We asked producer, director and former performer Daniel Woodhouse to share with us his belief in the power of theatrical experiences.
I wasn’t taken to the theatre much as a child, the yearly boxing day tradition to see the local pantomime would have been my first introduction to live performance. So the fact the majority of my most vivid childhood memories are associated with trips to the theatre must say something about the impact this art form has on its audience.
I can still remember that feeling of sitting in the upper circle of the London Palladium in 1983 aged six, feeding from the energy of the performers like the late great Tommy Steele and Roy Castle in the original London production of Singing In The Rain. Then watching in awe as it actually started to rain on stage! Or a few years later being transported above the clouds looking down on Rusty as he sang the title song of Starlight Express.
I know as a fan of the theatre, musicals in particular, I am biased and a childhood growing up in the dance studio rather than on a sports field or locked into a gaming console means I am not the most impartial judge. But these early experiences sparked something inside that made me want to dedicate all my spare time to being in the theatre and eventually led to a career on the stage.
Part of the skill of a performer aside from delivering the right lines, singing the right notes, performing the right dance steps is to read your audience. Knowing when to explode onto the stage with energy to capture their attention or pull back on a moment to evoke emotion. You know if you’ve got it right as you can feel if the audience is with you in that moment. They clap along, laugh or fall completely silent. Sometimes they just sit and process the experience of a performance.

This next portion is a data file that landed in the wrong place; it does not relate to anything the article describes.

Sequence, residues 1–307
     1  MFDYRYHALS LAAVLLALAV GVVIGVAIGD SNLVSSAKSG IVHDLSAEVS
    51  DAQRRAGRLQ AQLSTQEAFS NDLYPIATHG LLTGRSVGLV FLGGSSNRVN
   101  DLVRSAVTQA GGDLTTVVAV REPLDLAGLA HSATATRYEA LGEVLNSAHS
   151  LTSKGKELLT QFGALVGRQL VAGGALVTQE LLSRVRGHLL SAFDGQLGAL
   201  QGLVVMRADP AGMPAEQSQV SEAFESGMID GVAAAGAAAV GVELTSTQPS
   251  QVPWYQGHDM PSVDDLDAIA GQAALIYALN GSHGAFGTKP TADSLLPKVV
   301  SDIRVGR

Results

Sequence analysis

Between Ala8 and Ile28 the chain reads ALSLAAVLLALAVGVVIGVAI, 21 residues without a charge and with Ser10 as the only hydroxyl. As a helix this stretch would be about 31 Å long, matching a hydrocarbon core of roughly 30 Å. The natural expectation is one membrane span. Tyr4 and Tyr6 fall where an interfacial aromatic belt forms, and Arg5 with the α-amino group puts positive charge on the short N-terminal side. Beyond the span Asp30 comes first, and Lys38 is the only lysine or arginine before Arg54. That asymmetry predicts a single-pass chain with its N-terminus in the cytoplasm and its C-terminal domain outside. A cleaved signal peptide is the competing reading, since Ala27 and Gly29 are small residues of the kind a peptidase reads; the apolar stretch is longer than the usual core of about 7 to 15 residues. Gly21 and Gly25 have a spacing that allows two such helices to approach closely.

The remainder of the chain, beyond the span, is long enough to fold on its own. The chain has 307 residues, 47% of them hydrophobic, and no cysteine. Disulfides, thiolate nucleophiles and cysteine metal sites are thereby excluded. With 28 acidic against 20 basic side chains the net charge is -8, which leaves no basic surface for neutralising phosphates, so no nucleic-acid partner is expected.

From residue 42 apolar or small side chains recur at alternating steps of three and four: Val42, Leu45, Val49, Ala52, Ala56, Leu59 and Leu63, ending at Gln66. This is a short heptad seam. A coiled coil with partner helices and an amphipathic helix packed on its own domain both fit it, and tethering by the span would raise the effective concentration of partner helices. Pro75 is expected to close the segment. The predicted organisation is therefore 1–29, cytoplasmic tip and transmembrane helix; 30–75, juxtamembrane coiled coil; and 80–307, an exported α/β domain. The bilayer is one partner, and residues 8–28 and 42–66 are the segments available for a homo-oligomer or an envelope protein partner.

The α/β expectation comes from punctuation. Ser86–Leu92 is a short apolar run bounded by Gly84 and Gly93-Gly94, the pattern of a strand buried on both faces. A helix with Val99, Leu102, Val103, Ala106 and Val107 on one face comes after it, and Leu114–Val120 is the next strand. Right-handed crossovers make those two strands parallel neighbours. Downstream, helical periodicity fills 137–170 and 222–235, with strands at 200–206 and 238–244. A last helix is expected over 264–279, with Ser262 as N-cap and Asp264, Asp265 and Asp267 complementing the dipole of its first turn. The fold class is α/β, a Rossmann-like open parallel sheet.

As an audience member you have a role to play too, the performers will feed from the energy of the crowd, which, can take a production to another level as the cast and audience go on a journey of shared emotions.
Ironically many of the insecure and shy people I know are performers hiding behind a character in the hope that at the end of their 2 and half hours on stage they will themselves feel the experience of acceptance and approval of their talents. Live theatre is definitely a two way process and when performer and audience meet in the middle it is a magical experience.
So what is it about the theatre that creates such lasting experiences? Of course, the scale of a West End or Broadway show helps with the big cast, lavish costumes, imaginative sets and special effects that leave you walking out wandering ‘how did they do that’?
That is in my opinion an immersive experience that is hard to beat. But strip this back and the simple fact of a physical person, in front of an audience, inviting them to go on a journey with them is hard to ignore. And that is what makes theatre such a powerful way of telling a story.
Our thanks to Daniel for sharing his experience with us. Blueprint are here to help you create experiences that matter for your customers in any form. If you need help or inspiration, get in touch.